Brenda Delfino interviews Sara Borjas FROM: LARB
Poems can be windows. They can also be doors. These are truths to prescribe to while reading Sara Borjas debut poetry collection Heart Like a Window, Mouth Like a Cliff. A window can work as an enterence, can mirror the reflection of someone familiar. In her poem “Lies I Tell,” previously published by the Academy of America Poets, Borjas writes,
A woman has a window in her face: that is the truth. I look
my mother: that is the truth. I want to tell you I am not like
that is the truth. I am ashamed walking in a woman’s body:
the truth. I wish to take back everything I say: that is the truth.
window can be a mirror. It can also be a door: that is the
Borjas, who dedicated this book to her mother Criselda, is looking into her reflection in order to make sense of the life and the heritage of a Mexican-American Pocha from Fresno. She very much looks like her mother, at least this is true from a photo she shares on her website, depicting her mother Criselda in sepia. She has her mother’s diamond-shaped face, her full cheeks, and her almond eyes. But what separates her from her mother (among other things) is a master’s degree in Creative Writing and a cropped undercut that matches her bold personality and her refusal to fit conventional female stereotypes. In her poem “I Know the Name of the Desert,” Borjas writes, “I am a daughter / who walks through a desert carrying my mother’s wounds — / each open palm across her child’s face, each time a man offered her / something he did not have.” These wounds caused by toxic masculinity and generational trauma reappear in the collection as a way for the poet to learn to love the place where she comes from. This theme is clearly depicted in the opening quote of the book, written by Cherrie Moraga: “Home is the place, for better or for worse, we learn to love.”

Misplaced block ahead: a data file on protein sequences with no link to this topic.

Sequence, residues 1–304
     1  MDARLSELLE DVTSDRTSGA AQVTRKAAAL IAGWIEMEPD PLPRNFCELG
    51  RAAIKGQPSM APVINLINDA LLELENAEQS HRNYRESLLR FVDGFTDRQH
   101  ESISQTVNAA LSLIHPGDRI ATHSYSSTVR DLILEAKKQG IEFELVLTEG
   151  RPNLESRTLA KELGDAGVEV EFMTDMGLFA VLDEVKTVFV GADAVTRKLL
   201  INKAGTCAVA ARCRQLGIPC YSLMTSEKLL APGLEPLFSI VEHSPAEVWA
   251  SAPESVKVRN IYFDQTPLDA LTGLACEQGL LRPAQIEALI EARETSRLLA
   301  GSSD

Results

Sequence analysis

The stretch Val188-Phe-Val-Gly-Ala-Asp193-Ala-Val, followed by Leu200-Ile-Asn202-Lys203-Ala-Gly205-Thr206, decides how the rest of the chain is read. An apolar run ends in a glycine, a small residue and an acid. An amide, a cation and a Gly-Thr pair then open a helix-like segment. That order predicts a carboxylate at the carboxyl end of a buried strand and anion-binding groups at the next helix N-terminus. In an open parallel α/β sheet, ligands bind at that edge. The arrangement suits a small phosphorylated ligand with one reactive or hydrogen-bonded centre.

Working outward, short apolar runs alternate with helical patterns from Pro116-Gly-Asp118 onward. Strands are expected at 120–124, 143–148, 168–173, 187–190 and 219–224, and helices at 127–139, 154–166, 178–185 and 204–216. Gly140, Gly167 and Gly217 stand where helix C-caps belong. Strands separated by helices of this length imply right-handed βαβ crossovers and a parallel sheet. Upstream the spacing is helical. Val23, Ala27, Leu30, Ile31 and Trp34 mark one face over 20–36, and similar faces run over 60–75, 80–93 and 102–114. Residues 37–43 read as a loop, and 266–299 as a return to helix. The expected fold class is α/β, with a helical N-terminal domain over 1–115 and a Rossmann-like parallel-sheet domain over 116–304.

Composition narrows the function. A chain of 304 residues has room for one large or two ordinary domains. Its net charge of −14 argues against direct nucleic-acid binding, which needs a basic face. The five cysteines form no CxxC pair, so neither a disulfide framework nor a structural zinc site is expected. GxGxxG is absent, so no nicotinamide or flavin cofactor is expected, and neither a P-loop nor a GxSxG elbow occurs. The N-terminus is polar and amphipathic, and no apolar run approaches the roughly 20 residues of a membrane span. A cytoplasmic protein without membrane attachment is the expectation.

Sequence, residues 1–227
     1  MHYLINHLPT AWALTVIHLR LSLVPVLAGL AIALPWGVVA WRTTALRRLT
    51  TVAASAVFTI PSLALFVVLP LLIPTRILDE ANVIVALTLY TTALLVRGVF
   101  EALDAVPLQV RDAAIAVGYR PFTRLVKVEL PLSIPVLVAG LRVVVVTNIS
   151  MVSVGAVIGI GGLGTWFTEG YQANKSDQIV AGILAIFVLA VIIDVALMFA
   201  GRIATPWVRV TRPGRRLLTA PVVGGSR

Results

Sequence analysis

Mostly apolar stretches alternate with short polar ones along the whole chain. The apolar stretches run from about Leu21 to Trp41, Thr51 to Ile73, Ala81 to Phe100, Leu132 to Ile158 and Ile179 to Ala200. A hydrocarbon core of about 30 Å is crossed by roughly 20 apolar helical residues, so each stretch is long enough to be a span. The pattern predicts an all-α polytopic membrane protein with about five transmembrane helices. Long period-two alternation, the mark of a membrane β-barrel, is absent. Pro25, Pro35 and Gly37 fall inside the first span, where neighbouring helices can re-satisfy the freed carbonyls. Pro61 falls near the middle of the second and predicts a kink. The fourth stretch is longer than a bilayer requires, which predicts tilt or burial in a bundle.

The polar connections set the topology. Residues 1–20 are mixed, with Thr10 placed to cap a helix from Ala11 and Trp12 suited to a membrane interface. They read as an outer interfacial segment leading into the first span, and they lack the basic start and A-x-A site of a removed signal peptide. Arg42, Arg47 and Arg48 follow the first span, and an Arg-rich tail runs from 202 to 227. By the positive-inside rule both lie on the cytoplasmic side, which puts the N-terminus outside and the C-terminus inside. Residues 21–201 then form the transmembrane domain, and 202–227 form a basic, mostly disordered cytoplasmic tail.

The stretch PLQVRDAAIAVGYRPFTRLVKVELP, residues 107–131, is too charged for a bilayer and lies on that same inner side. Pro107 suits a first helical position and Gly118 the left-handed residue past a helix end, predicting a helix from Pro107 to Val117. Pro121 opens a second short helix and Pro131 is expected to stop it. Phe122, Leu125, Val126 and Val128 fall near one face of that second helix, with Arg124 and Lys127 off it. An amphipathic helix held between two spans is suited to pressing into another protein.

Sara Borjas is fourth-generation Chicana, a Pocha, and a Fresno poet. She earned a BA in English Literature from Fresno State and an MFA in Creative Writing and Writing for the Performing Arts from University of California, Riverside. Sara is a 2017 CantoMundo Fellow, a 2016 Postgraduate Writers Conference Fellow at Vermont College of Fine Arts, and a 2013 Community of Writers Workshop at Squaw Valley Fellow. She is the recipient of the 2014 Blue Mesa Poetry Prize. Sara was also named runner-up for the 2010 Larry Levis Undergraduate Memorial Prize judged by Phillip Levine and nominated three times for a Pushcart Prize. She is currently a lecturer at UCR, and her debut poetry collection Heart Like a Window, Mouth Like a Cliff is forthcoming from Noemi Press in 2019.
I’m sitting across from Sara in a sushi restaurant walking distance from University of California, Riverside. This is the campus where she teaches Creative Writing to undergrads and where I’m currently pursuing an MFA in poetry. It is no coincidence that Sara and I cross paths again. I met Sara four years ago in a Poetry Workshop she taught for undergrads. She was the first person to call me “a poet” and the first to introduce me to confessional poetry, a term Sara has personal beef with, as she says it “tends to be used when speaking about women’s poetry that is simply personal in nature.” In short, Sara subscribes to the idea that some labels do female poets like us no favors. When I bring up the word confessional, she responds, “[We] should pay particular attention to [these terms] and not let [them] contain us.” If I can say one thing that Sara has taught me, it is that there is power and clarity that comes with saying things directly. Either in person or on the page, there’s no need to “dance around it.” The words “Just say it” still ring in her tone of voice while I edit my poems. As I read Sara’s poems in her new collection, I could detect her own advice flashing through lines like, “I wish / a whole woman would wake up inside me.” And “I, the girl who / talks to my parents like children. / I, the girl who listens to their stories / and wishes to be someone else / inside them.” In our conversation, both in person and with her poems, I hear Sara admitting that it took her many years, an education, and a lot of poems to decolonize her love: to accept who she is, and where she comes from. Read Rest of Interview Here